02/17/2012 04:40 pm ET | Updated Apr 18, 2012

How Facebook Makes You Jealous (And Why It's Not a Bad Thing)

I'm not going to pretend I'm some "too cool for social media" type. I check Facebook on a regular basis -- with my coffee, mid-morning, at lunch, and maybe once or twice in the evening after I've put my son to bed (and don't even get me started on Twitter, Tumblr and Pinterest).

When I'm not scrolling through other people's parties or some stunningly minimal apartment in Scandinavia, I'm a family finance consultant and writer. I help parents evaluate and improve their family's overall financial picture. And a good chunk of our face-time is spent figuring out what they'd like to have for their family in the future -- a home of their own, private school for their kids, the ability to take a nice vacation once in a while. Everyone's definition of stability and success is highly individualized.

But I've noticed something. While we each have different long-term financial goals for ourselves and for our children, so many of us are letting Facebook dictate how we define our family's happiness, and what we spend our family's hard-earned money on. After all, keeping up with those mythical Joneses used to just be about measuring yourself against your neighbor, or a few couples on your block, but now, we literally have hundreds of Joneses to contend with, each and every day, as they pop right up on our iPad.

This past Sunday, one of my favorite novelists, Laura Zigman, confessed that she had to go on a "vacation photo diet," because seeing all the exotic places other people were visiting (and posting about) left her feeling bad about her own less-traveled life.

But I tell parents, sometimes, wanting to keep up with the Joneses is a really good motivator. And having hundreds of sources of inspiration (and yes, competition) right there at your finger tips, can make you more fulfilled in your personal and professional life -- so long as you keep up with the right Joneses and channel your feelings in the right way.

1. Be yourself
Happiness-guru Gretchen Rubin says it best, with the first (of her twelve) personal commandments of happiness -- "Be Gretchen," and she couldn't be more right when it comes to Facebook.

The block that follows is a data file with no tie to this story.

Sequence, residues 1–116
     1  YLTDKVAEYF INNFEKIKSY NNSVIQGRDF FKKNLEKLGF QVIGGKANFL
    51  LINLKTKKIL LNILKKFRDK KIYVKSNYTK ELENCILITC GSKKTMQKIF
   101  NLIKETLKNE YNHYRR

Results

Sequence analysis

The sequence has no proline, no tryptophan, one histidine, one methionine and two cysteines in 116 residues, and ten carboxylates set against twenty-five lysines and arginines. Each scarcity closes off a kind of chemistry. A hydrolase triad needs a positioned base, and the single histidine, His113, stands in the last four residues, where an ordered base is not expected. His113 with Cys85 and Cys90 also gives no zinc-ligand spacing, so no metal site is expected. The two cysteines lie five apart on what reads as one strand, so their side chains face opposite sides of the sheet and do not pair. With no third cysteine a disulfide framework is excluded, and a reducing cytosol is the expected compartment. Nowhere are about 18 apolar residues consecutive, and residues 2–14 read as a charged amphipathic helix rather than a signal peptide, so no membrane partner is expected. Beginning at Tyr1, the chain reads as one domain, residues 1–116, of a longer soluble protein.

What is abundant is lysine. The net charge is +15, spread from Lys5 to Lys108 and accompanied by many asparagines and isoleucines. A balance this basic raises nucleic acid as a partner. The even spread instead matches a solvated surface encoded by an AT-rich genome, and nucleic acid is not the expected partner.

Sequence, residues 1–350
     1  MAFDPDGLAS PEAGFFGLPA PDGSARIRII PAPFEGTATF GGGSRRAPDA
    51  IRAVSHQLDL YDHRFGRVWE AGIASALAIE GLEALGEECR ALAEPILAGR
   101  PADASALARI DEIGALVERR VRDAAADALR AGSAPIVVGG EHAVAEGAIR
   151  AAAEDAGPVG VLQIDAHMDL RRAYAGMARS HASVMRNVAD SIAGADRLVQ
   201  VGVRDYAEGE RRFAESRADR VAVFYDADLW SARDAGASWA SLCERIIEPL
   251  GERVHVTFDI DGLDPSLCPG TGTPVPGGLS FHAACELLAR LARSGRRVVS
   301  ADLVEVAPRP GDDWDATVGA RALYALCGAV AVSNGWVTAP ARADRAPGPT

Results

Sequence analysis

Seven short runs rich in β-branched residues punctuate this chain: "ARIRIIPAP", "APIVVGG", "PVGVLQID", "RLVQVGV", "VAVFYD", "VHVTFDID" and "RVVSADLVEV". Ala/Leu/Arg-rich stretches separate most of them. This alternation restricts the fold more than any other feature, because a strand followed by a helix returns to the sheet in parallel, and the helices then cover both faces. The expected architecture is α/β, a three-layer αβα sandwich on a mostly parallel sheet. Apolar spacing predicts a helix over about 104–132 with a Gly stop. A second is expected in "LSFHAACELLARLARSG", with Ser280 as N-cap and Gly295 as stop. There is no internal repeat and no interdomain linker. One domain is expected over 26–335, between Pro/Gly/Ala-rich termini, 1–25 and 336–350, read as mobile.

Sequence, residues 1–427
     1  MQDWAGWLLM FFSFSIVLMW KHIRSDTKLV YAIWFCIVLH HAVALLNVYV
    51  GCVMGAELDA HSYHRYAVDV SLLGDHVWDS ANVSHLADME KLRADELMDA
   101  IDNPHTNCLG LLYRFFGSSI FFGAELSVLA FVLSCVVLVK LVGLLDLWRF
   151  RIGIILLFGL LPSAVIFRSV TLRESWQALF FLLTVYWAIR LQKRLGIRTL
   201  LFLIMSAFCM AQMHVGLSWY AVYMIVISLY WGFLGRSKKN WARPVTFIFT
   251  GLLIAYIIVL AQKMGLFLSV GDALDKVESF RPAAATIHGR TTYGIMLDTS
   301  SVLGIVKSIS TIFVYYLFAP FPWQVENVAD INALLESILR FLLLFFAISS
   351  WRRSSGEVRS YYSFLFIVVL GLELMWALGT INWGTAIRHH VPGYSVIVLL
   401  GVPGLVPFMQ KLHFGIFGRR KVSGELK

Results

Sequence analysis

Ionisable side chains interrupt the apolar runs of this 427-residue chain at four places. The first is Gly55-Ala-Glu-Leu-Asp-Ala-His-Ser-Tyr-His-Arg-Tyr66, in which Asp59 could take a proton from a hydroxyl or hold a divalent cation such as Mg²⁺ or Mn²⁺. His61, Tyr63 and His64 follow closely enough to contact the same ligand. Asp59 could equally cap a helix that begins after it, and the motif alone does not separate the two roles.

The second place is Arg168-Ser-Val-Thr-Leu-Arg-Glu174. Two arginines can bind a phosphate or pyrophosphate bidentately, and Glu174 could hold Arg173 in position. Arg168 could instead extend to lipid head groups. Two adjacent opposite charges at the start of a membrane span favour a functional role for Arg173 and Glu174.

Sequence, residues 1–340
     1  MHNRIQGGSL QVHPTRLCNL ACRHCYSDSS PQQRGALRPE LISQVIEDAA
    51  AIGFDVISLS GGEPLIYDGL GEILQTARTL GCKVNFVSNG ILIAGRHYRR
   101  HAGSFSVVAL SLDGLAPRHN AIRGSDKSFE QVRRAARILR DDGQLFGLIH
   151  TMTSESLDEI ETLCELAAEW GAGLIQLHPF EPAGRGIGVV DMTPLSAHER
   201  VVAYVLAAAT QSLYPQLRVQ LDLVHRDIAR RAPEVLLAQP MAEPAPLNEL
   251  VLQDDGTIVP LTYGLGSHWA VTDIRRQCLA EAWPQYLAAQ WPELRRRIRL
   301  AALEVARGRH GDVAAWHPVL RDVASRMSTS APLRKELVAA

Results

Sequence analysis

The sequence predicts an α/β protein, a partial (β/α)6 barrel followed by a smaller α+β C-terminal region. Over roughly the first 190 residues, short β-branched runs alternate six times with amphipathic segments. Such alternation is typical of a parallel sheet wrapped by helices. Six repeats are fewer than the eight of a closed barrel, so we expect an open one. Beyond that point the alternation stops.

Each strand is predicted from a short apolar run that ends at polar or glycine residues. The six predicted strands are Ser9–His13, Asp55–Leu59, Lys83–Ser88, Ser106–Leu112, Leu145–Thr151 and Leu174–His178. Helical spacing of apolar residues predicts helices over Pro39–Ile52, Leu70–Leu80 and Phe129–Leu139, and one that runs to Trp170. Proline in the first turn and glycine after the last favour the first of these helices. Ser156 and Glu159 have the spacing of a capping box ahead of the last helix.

You'll never know if all of your Facebook friends are truly happy or if they're just performing for their feed. But you do know if you're being authentic or not. And the more authentic you feel, the happier you'll be on social media. Don't "like" companies, causes, movies or books because you think it makes you look a certain way or fits an image you're trying to project to your Facebook "public." The more genuine you are, the less you'll care about other people's self-presentation.

2. Be jealous of people doing things you admire
As it turns out, I have a huge work crush on a particular columnist at a major newspaper. She writes about family and relationships in such an honest, fresh, funny way, I want to print out everything she's ever written and tuck it under my pillow.

I read the columns she posts. I re-read them. I comment on her wall. My obsession with "Katie's" Timeline makes me happier in the long run, because I've channeled it into taking my own work to the next level.

This reporter also happens to post pictures of hersel in these amazing yoga poses. I tried a few classes and am so inflexible the instructor asked me to move to the back as I was a "distraction" to other people (see number one, I have to "Be Jacoba," and yoga, apparently isn't).

Point being, if someone does something you're envious of -- finishes a marathon, starts a food blog, spends a month in Italy -- think about why you want to be more like them and how you can make it happen. Run every weekend? Sign up for a cooking class? Learn Italian? Use the emotions you feel about people's Facebook personas to change your "real life" offline.

3. Be jealous of the big things you want
Take a hard look at the Facebook friends who make you feel down on yourself and ask, what larger financial goals have they achieved that you haven't yet?

Envy for a purely material good like a giant flatscreen or a new designer handbag is hard to channel into something productive. But, if you're jealous of that pretty home with the open floor plan (as you jam your kid's high chair into your galley kitchen), ask yourself whether you'd like to buy a house for your family, and if so, are you directing your emotions towards saving every month to get closer to making that a reality? Is someone's job promotion or acceptance to graduate school reminding you of the larger goals you want to achieve?

The more you turn your resentment into daily actions (picture that big, airy kitchen as you pass on that new pair of shoes or pricey dinner reservation), the more you'll feel positively motivated by your Facebook feed.

Most importantly, we're all forgetting: Facebook is supposed to be fun. If it's causing you more stress than satisfaction, don't check it. After a few weeks, I promise, you won't even notice what you're "missing."